Mixed-use developments have been popping up all over Tampa Bay. Wondering what, exactly, mixed-use developments are and where they are found? Look no further; we’ve got all the info you need!
A mixed-use development is an urban planning or a zoning type that combines multiple uses. From residential and commercial to cultural, institutional, or entertainment, this singular space is functionally integrated while providing pedestrian connections.
These developments can be new construction, a renovation of an existing structure, or a combination of both. And they can also be a single building or several blocks as well as privately developed, owned by a governmental agency, or a mix of both.
What do mixed-use spaces often include and why?
Typically, these developments include retail/restaurant space on the first floor, several floors of office/commercial space with a parking garage option, and residential apartments/condos on higher levels. Grocery stores, gyms, etc., are often included in the development so residents can work, live, and play in the same area.
Most recently, the addition of green recreation space has been included as a major part of the design of mixed-use developments. You usually find these projects in more urban areas, and they have increased in popularity as a response to the increased population in Florida.
They are also prevalent due to the number of corporations brought here by the local Economic Development Committees (EDC). The latter are looking for affordable and desirable housing for workers close to job locations, allowing them to avoid traffic on major highways that connect the city to outlying suburbs.
How do these mixed-use spaces affect the overall community?
Mixed-use developments help to fuel the local economy by providing housing for the workforce. With so many in a smaller area, it drives traffic to stores within walking distance of the development – from boutiques to coffee shops, bars, and restaurants.
Grand Central at Kennedy in the Channel District is an excellent example of those mentioned above, with its gym, pharmacy, grocery store, ice cream shop, restaurants, and redesigned outdoor bar area that can be found packed on a weekend night or for Lightning game viewing. And they exist on the first floor of a two-building complex, with the mid-levels for parking and the top floors for condos, along with a pool, spa, and recreation spaces.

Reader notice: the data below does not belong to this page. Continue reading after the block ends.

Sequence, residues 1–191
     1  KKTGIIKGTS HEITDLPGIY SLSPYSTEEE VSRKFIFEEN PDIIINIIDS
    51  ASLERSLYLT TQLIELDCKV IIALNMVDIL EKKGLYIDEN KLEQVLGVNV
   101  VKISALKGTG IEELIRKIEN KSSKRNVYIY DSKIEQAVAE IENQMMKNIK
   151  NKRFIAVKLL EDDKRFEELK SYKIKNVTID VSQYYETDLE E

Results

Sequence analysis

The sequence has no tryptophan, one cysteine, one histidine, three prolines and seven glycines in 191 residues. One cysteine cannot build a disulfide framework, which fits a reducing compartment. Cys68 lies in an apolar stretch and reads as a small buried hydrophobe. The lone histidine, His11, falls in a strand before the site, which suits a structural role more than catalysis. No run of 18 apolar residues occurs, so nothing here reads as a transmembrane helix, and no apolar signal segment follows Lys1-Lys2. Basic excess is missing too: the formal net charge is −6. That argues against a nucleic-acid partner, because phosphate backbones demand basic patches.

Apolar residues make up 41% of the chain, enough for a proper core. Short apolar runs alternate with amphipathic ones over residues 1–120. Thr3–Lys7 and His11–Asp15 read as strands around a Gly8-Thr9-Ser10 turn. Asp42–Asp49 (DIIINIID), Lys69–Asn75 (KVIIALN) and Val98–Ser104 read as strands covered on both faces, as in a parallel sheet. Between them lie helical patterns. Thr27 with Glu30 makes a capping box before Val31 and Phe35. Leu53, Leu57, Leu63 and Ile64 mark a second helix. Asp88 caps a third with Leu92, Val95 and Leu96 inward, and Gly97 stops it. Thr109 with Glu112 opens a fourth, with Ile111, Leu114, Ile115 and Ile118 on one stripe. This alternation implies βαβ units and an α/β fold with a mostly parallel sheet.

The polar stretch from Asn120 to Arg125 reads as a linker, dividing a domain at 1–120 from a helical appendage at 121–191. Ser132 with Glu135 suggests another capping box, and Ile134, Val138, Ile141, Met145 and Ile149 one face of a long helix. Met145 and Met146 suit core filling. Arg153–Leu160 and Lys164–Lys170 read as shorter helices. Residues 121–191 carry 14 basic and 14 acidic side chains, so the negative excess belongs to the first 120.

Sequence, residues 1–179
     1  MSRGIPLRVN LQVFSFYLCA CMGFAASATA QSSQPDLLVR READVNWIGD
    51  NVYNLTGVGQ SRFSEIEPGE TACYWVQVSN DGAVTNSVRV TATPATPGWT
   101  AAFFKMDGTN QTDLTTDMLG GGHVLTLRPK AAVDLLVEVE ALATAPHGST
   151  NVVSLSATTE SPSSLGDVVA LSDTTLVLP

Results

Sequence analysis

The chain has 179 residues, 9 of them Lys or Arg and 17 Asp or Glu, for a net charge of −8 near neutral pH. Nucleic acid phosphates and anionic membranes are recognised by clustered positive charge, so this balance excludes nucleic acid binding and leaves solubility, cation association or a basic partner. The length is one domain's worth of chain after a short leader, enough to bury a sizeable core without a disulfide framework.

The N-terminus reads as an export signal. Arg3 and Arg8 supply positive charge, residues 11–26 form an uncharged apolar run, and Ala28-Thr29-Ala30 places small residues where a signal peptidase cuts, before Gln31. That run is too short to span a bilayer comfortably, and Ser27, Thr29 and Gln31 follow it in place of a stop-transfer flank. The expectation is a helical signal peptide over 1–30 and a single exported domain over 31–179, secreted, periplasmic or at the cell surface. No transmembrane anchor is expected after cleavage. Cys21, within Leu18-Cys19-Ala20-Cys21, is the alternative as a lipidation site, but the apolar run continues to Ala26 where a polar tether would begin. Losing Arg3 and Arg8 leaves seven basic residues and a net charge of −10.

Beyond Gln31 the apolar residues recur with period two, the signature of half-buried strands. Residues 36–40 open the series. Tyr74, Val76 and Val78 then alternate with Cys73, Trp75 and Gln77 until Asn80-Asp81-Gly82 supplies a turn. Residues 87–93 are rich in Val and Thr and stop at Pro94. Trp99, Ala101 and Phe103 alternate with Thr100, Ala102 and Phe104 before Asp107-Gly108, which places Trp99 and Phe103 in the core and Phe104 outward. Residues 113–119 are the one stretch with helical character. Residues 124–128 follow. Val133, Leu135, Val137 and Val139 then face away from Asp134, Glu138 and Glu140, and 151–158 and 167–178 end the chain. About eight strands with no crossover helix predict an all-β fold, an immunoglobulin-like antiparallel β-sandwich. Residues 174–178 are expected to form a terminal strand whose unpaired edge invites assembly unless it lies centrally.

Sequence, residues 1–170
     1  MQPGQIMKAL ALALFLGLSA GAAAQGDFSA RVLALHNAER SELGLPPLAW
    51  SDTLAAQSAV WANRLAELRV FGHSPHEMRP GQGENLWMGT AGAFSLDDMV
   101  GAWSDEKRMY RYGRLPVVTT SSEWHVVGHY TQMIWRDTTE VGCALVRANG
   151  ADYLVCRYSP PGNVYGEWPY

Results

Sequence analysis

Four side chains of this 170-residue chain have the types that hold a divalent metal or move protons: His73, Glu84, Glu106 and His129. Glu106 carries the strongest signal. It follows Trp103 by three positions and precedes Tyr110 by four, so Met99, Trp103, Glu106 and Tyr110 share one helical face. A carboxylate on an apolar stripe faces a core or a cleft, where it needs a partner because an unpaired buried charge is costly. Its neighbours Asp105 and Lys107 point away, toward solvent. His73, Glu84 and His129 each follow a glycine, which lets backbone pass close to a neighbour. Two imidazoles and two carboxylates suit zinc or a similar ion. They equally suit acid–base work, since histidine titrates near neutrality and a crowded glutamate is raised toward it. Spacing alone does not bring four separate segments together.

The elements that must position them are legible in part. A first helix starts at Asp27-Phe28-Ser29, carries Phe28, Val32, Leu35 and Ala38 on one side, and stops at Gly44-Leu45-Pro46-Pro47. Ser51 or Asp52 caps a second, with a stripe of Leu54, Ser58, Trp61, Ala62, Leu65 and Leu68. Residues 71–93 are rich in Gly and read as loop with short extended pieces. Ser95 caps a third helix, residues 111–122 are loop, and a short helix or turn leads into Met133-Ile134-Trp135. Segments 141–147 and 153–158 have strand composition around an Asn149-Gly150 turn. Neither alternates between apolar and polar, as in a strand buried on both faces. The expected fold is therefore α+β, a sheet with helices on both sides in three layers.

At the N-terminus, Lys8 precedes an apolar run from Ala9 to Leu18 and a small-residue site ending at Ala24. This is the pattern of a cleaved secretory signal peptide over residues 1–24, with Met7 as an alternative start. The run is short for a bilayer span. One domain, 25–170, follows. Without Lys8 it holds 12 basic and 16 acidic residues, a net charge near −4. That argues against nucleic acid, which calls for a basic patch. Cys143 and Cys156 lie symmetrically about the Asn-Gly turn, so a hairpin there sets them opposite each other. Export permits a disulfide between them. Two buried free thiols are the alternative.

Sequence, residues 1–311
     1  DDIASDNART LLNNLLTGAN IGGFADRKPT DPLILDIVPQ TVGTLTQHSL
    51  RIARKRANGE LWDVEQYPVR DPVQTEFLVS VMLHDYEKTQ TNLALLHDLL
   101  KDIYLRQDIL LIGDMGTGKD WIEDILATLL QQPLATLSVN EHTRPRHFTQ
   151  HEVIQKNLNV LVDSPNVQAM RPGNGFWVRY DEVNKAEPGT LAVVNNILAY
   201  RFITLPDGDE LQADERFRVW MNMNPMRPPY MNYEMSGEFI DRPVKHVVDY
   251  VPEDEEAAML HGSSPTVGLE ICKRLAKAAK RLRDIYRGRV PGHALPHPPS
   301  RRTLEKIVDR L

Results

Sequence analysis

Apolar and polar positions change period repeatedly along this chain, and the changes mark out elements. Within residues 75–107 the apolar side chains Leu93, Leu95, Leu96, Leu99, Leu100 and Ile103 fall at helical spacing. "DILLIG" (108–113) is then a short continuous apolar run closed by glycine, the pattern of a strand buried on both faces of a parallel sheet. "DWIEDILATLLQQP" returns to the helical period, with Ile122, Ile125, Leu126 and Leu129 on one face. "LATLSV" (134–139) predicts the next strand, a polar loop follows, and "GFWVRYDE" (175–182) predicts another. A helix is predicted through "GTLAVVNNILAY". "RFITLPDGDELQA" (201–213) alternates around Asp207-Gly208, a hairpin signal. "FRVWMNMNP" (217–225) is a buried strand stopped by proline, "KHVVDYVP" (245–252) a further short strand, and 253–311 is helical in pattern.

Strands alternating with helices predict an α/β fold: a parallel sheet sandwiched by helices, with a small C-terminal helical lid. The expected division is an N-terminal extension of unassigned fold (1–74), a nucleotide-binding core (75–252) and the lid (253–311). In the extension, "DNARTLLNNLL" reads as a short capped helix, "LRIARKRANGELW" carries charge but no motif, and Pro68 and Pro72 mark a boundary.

Tampa’s Top Mixed-Use Projects
Spaces like the much anticipated Water Street development bring to life a previously dull and non-existent city life after work hours. Here are some of the area’s hottest developments:
Breaking ground in 2018, downtown’s Water Street Tampa is on schedule to complete Phase I this year. The wellness-focused waterfront development includes Tampa’s first five-star hotel plus residential, retail, and office space, along with ample community areas. Phase II is slated for completion in 2027.
Westshore Marina District
The 52-acre, $600 million master-planned Westshore Marina District is located at the southwest corner of Westshore and Gandy boulevards near the bridge. Plans include 1,750 luxury residential across three high-rise towers with a waterfront apartment complex, shops, offices, restaurants, nearly two miles of waterfront parks and walking trails, and access to 150 deep-water boat slips.
With 1.8 million square feet, the $500 million Midtown Tampa project connects the Westshore and Downtown districts along I-275 with a centralized neighborhood. The development boasts over 30 spaces dedicated to retail, restaurants, and spots like gyms and a hair salon. Midtown Tampa also houses a 150,000-square-foot office high-rise and a 390-unit luxury apartment complex.
This $300 million pedestrian-friendly joint venture with Tampa Housing Authority along the Hillsborough River will consist of 900+ affordable apartments and approximately 50 townhomes. Rome Yard will also have a cultural center, art pavilion, workforce training center, and public transportation. Plus, the Tampa Riverwalk will eventually go through the property. Construction will take 5-7 years to complete.
Tampa isn’t the only place where these projects have become popular. All up and down Central Ave in St. Petersburg has seen these types of developments pop up under names like the Art District, the Edge District, and Grand Central District.